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Contains:  M 1, Crab nebula, NGC 1952
Getting plate-solving status, please wait...
Crab Nebula, 


Crab Nebula

Crab Nebula

Technical card

Resolution: 2152x2204

Dates:Oct. 22, 2019Oct. 24, 2019Oct. 29, 2019

Astrodon 50 mm 5 nm Ha: 11x900" -30C bin 1x1
Astrodon 50 mm 5 nm OIII: 8x900" -30C bin 1x1
Astrodon 50 mm G: 5x900" -30C bin 1x1
Astrodon 50mm B: 6x900" -30C bin 1x1
Astrodon 50mm R: 6x900" -30C bin 1x1

Integration: 9.0 hours

Darks: ~20

Flats: ~100

Flat darks: ~100

Bias: ~20

Avg. Moon age: 16.68 days

Avg. Moon phase: 19.98%

Mean SQM: 21.20

Mean FWHM: 2.50 job: 3082550

RA center: 5h 34' 32"

DEC center: +22° 0' 50"

Pixel scale: 0.468 arcsec/pixel

Orientation: 178.218 degrees

Field radius: 0.200

Locations: KG Observatory, Julian, CA, United States

Data source: Backyard


My goal with this project was to expose as much as the natural color (RGB) as possible with the details present in the Ha. To that end, I used Ha as a luminance layer over the RGB. A Masked Stretch in PI helped minimize any harshness in the bright Ha areas.

I then created a starless OIII layer by subtracting Ha from OIII and layering that result over the HaRGB.

So in effect I have Ha (luminance) over RGB and then layered with (OIII - Ha) as subtle blue-green. This all helps maintain the original RGB fidelity.

Seeing during Ha capture was between 2" and 3" FWHM rather than my normal 1" to 2". Carefull deconvolution of the Ha layer followed by PI MultiscaleLinearTransform helped improve this Ha data.

"The Crab Nebula is a supernova remnant in the constellation of Taurus. The current name is due to William Parsons, 3rd Earl of Rosse, who observed the object in 1840 using a 36-inch telescope and produced a drawing that looked somewhat like a crab. Corresponding to a bright supernova recorded by Chinese astronomers in 1054, the nebula was observed later by English astronomer John Bevis in 1731. The nebula was the first astronomical object identified with a historical supernova explosion.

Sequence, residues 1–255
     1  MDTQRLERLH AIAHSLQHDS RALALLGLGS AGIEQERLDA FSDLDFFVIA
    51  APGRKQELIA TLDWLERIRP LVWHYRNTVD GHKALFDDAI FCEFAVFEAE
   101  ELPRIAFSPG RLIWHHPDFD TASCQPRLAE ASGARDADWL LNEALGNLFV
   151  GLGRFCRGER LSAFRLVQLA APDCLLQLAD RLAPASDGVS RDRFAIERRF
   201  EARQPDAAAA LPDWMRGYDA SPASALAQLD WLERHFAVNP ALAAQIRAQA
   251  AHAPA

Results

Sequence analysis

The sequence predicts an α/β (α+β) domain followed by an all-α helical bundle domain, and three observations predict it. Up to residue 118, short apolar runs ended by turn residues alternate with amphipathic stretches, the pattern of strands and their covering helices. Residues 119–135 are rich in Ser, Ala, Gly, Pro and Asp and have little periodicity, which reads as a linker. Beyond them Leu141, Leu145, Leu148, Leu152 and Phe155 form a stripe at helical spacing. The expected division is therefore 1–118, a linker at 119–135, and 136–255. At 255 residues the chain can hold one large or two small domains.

At an apparent magnitude of 8.4, comparable to that of Saturn's moon Titan, it is not visible to the naked eye but can be made out using binoculars under favourable conditions. The nebula lies in the Perseus Arm of the Milky Way galaxy, at a distance of about 6,500 ly from Earth. It has a diameter of 11 ly, and is expanding at a rate of about 1,500 kilometres per second (930 mi/s), or 0.5% of the speed of light.

At the center of the nebula lies the Crab Pulsar, a neutron star 28–30 kilometres (17–19 mi) across with a spin rate of 30.2 times per second, which emits pulses of radiation from gamma rays to radio waves. At X-ray and gamma ray energies above 30 keV, the Crab Nebula is generally the brightest persistent source in the sky, with measured flux extending to above 10 TeV. The nebula's radiation allows detailed study of celestial bodies that occult it. In the 1950s and 1960s, the Sun's corona was mapped from observations of the Crab Nebula's radio waves passing through it, and in 2003, the thickness of the atmosphere of Saturn's moon Titan was measured as it blocked out X-rays from the nebula."



License: None (All rights reserved)


  • Crab Nebula, 


  • Crab Nebula, 


  • Final
    Crab Nebula, 




Darkened reds a bit in PS using Selective Color.


More de-noise of background followed by mild HPF sharpening on entire image.

Sky plot

Sky plot


Crab Nebula,